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Reasoning tools to support systems analysis and design

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Title: Reasoning tools to support systems analysis and design
Author: Paulson, James Daniel
Degree: Doctor of Philosophy - PhD
Program: Business Administration
Copyright Date: 1989
Issue Date: 2010-10-18
Publisher University of British Columbia
Series/Report no. UBC Retrospective Theses Digitization Project [http://www.library.ubc.ca/archives/retro_theses/]
Abstract: Some parts of the systems analysis and design process are not well structured and rely heavily on human judgement and experience. This is particularly true for decomposition and the validation of system specifications. Decomposition has long been considered a fundamental part of systems analysis and design. However, ensuring that a decomposition is optimal is nearly impossible. Ensuring that a system specification is complete and consistent is an inherently difficult task. Most existing systems analysis and design methodologies allow only the use of techniques such as code walk-throughs and post-implementation testing. Analysis errors discovered at such late stages can be quite expensive to correct. Existing methodologies cannot support automated completeness and consistency testing because they lack the degree of formalism required to allow automation. The primary objective of this research was to increase understanding of system decomposition. To aid in achieving this objective a formalism for representing a system specification, and a set of computer-based specifications analysis tools were developed. The tools support decomposition and provide completeness and consistency testing of a system specification. An existing system modelling formalism was extended to provide the basis for the specification formalism. This extended formalism will allow an analyst to describe a system with the degree of precision necessary for automated testing and decomposition. The ability to create a complete and consistent system model facilitated the development of a general theory of system decomposition. A system model created using the specifications analysis tools can be analyzed using a decomposition algorithm based on this theory. The algorithm incorporates a number of commonsense software design rules and decomposition heuristics drawn from the literature, and has been included in the specifications analysis tools. Experience has shown that the specifications analysis tools may suggest system decompositions not previously considered by the analyst. Alternative decompositions may arise in two situations: 1. The system has a valid alternative structure which may not have been considered by the analyst. This alternative structure may be superior to the original structure envisioned by the analyst when the system model was constructed. 2. The system specification does not contain enough information to rule out certain unreasonable decompositions. The missing information should be explicitly included in the specification to avoid problems of interpretation later in the system development life cycle. Analysis of several test systems (including the IFIP Working Conference system often used as a standard problem in the systems analysis literature) using the specifications analysis tools has proven the feasibility of automated consistency and completeness testing and decomposition. Further research is required in two areas: 1. Enhancement of the specifications analysis tools. The tools are not user friendly. An analyst will require extensive training to use them effectively. As well, the computational speed of the tools must be improved. Automated decomposition is too slow to allow easy interaction between the analyst and the tools. 2. A hierarchical analysis technique must be developed to support application of the specification formalism and the theory of decomposition to larger systems.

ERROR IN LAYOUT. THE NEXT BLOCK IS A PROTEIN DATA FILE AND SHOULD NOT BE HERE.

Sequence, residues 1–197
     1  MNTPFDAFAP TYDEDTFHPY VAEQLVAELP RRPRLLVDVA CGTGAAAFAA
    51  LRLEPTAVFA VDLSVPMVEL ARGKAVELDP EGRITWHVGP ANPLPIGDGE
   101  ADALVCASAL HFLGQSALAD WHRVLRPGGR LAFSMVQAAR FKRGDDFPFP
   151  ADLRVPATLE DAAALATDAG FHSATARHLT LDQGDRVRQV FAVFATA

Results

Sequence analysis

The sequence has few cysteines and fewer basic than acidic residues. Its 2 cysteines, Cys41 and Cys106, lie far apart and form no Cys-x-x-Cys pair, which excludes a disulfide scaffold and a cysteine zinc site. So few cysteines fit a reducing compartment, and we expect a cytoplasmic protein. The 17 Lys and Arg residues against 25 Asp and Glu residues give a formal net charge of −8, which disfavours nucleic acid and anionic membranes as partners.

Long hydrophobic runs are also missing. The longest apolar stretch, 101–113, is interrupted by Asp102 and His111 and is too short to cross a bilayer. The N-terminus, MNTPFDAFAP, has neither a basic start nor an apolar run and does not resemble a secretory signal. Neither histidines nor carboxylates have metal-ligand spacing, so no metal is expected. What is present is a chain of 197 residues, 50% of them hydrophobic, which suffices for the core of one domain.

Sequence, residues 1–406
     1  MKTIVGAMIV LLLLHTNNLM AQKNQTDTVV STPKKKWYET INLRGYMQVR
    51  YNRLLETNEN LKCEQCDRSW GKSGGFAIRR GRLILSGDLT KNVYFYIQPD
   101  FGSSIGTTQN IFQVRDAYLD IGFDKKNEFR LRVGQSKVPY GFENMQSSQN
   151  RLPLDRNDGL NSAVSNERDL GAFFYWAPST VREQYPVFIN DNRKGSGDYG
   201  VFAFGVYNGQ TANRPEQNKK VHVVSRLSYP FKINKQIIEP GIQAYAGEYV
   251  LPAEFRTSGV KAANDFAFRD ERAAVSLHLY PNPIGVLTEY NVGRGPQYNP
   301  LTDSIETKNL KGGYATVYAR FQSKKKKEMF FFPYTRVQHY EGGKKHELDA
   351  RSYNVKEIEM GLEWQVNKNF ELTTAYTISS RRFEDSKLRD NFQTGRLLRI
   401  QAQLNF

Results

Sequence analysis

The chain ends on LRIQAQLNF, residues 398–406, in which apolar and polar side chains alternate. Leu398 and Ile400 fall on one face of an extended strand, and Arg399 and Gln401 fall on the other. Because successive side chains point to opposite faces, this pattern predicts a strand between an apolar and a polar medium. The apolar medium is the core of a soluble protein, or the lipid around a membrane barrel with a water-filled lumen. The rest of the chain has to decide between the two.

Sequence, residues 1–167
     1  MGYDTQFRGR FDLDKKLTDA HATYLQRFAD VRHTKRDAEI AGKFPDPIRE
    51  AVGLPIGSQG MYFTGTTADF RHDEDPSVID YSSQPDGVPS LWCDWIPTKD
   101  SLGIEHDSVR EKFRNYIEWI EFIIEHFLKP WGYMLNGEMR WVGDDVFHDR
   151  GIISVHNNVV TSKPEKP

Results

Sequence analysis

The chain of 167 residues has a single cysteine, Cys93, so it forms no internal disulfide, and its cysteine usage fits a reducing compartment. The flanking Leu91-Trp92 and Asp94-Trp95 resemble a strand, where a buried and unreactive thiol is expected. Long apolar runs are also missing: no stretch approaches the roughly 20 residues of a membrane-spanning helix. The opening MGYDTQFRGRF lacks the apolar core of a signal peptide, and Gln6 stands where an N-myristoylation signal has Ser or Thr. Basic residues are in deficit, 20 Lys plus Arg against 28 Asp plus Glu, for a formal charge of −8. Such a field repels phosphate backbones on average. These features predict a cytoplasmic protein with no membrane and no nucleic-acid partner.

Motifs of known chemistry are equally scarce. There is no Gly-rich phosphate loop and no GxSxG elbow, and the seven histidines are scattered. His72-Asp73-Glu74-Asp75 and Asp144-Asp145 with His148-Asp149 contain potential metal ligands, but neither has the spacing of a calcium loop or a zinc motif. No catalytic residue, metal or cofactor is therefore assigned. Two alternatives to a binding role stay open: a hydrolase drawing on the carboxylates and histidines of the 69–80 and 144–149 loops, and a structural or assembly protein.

Affiliation: Business, Sauder School of
URI: http://hdl.handle.net/2429/29259
Scholarly Level: Graduate

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